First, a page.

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Messages - benp

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Chronos User Discussion / Re: Workflow - Time
« on: May 28, 2019, 09:15:22 AM »
I've pre-ordered one of the 2.1 versions - color sensor and fully maxed out on all options.  Hooray!!!

I didn't add any accessories to my initial order, but I'm planning to add one of everything when the camera is ready to ship.  If anyone has thoughts on what accessories are 'must have' versus just occasionally handy, I'd appreciate your input.  Also, please pass along recommendations for any third-party bits that you find useful.

Quote
@Nikon1 if you dont find anyone/ anything else to mount these 2/3" Lenses on that Camera, then Contact me via PM, i will help you find a way,

I'll likely be reaching out to you (and anyone else with experience) for advice and options regarding adapting my inventory of lenses to the camera.  The Metabones x0.58 Speedbooster looks like a perfect addition for the new sensor.  It's getting the MFT part of the speedbooster to match up with the C-mount on the camera that I'm not sure about.

Does anyone know if the Blackmagic line of lens adapters (Nikon, Canon, PL for the Ursa Mini Pro can be put into service on the Chronos?  The adapting part of the process is beyond my understanding at this time.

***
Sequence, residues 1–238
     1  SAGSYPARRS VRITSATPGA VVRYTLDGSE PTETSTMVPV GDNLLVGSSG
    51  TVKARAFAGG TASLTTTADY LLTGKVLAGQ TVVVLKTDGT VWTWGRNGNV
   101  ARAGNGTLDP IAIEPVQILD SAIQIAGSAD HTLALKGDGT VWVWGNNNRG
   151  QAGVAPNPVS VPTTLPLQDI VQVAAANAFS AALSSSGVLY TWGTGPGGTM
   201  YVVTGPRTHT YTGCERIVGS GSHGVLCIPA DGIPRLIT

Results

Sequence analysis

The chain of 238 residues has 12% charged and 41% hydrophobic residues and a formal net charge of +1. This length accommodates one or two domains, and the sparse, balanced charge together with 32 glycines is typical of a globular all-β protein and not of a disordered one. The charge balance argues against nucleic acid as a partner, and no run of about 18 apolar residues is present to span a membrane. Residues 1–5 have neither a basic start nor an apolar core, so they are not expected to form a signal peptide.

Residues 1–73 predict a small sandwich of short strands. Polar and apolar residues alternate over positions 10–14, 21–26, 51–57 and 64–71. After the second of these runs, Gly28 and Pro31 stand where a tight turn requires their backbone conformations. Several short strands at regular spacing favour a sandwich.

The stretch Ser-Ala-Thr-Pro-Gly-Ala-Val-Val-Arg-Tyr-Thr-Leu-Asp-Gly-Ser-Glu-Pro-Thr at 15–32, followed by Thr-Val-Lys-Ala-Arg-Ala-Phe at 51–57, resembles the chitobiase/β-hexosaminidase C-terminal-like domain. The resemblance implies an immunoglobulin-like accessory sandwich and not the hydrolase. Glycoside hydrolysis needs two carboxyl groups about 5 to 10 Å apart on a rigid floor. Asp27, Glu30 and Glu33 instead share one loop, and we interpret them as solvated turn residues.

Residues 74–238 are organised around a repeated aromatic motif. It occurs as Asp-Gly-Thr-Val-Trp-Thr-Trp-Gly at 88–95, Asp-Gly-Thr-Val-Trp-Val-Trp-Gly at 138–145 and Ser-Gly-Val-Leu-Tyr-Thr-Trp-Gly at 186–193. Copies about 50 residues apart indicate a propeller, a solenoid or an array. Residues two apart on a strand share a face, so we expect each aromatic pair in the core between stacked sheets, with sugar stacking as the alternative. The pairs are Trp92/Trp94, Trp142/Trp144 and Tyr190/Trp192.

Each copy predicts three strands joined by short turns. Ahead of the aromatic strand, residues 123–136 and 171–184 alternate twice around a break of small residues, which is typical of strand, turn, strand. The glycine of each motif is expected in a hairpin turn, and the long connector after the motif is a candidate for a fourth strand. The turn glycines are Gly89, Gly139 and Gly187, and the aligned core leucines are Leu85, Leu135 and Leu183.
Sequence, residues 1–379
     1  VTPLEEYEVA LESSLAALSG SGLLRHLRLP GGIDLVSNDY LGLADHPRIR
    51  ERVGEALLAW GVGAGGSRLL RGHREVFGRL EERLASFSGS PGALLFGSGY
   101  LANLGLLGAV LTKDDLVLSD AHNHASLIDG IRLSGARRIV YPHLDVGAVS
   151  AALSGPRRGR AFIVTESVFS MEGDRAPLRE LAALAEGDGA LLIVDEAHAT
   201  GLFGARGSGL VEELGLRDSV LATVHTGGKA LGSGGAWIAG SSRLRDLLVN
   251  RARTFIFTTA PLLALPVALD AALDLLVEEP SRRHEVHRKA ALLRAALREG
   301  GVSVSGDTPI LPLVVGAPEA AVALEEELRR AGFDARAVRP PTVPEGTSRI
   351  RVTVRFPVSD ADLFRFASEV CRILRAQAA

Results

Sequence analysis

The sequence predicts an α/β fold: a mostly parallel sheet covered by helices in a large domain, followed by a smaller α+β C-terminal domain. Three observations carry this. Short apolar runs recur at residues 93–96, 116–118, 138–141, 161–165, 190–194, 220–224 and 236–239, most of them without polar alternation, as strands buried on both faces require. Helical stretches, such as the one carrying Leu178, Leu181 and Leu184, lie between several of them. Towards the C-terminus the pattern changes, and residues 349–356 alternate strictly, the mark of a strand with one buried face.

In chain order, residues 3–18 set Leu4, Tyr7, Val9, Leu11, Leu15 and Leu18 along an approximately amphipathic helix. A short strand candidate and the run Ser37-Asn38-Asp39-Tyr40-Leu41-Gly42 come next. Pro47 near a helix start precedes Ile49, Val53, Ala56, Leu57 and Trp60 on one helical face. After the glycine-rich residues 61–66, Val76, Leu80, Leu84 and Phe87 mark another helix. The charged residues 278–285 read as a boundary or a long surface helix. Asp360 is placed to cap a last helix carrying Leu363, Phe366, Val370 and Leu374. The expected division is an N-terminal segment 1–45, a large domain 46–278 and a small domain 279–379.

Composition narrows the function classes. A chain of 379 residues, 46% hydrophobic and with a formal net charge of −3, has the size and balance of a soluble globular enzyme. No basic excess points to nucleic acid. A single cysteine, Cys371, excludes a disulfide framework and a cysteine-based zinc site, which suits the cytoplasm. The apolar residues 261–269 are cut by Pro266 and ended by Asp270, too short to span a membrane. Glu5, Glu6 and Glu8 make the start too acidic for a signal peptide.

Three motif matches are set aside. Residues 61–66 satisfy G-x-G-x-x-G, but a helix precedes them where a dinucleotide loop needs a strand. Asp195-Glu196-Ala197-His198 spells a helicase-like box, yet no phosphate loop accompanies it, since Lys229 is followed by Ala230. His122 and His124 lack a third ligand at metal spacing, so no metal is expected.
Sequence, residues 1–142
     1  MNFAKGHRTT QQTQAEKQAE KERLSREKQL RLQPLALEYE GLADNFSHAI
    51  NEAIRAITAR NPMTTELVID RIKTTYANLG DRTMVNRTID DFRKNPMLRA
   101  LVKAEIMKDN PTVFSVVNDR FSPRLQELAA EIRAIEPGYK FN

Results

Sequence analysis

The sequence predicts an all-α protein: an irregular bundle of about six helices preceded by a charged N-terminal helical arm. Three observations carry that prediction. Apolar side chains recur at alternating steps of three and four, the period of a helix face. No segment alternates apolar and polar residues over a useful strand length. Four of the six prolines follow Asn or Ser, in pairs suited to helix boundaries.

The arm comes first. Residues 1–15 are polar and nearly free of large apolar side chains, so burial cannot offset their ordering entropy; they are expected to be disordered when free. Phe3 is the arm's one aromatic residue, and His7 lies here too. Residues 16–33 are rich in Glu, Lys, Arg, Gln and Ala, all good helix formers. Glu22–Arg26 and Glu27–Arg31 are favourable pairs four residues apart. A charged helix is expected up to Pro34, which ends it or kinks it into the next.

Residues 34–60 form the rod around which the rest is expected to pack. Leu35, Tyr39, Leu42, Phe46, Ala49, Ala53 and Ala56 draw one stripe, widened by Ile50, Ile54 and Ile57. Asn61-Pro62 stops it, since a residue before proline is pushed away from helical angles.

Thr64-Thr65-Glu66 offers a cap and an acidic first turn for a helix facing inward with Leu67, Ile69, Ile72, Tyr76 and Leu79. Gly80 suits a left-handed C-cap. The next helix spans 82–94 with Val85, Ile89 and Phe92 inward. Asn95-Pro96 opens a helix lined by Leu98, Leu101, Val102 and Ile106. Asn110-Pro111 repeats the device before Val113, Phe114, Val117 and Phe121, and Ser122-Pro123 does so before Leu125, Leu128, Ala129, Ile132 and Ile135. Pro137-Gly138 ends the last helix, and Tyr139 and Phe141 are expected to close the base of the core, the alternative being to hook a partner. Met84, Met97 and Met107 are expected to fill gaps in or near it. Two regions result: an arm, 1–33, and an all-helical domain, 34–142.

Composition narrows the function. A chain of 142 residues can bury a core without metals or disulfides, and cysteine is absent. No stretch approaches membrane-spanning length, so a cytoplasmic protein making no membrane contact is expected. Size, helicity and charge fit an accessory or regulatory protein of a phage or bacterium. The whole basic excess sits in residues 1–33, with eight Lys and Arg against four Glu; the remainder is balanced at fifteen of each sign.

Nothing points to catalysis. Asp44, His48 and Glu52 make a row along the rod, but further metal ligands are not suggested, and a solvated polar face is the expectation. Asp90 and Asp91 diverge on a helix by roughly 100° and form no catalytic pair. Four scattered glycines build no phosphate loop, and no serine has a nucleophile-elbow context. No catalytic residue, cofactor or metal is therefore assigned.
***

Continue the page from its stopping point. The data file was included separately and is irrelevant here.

For now, I'm working up a list of past, current, and potential clients who could use some high speed camera work.  I'm excited to get this camera and put it to use!

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Chronos User Discussion / Re: Introducing Chronos 2.1 HD!
« on: April 26, 2019, 07:22:08 AM »
I'm seeing the images.

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Chronos User Discussion / Re: Workflow - Time
« on: January 03, 2019, 10:36:18 PM »
Hmmm.... well... that clarifies the speed issue.  If I need faster turnaround from shot to shot, I'll probably just have to purchase a second camera.

The SSDs that I already have and use with my current camera set-ups are 240GB Intel SSD 520 Series.  I paid a small mint for them 5 years ago, but they're bullet proof and can handle recording uncompressed video streams all day.  <https://ark.intel.com/products/66250/Intel-SSD-520-Series-240GB-2-5in-SATA-6Gb-s-25nm-MLC->  I would expect them to work great with whatever the Chronos could throw at them.

Intel SSD 520 Series Technical Specifications:
Capacity: 240GB
Form Factor: 2.5 inch
Interface: SATA 6.0 Gb/s
Flash Memory Technology: Multi-level Cell (MLC)
Lithography Type: 25 nm
Sequential Read (up to): 550 MB/s
Sequential Write (up to): 520 MB/s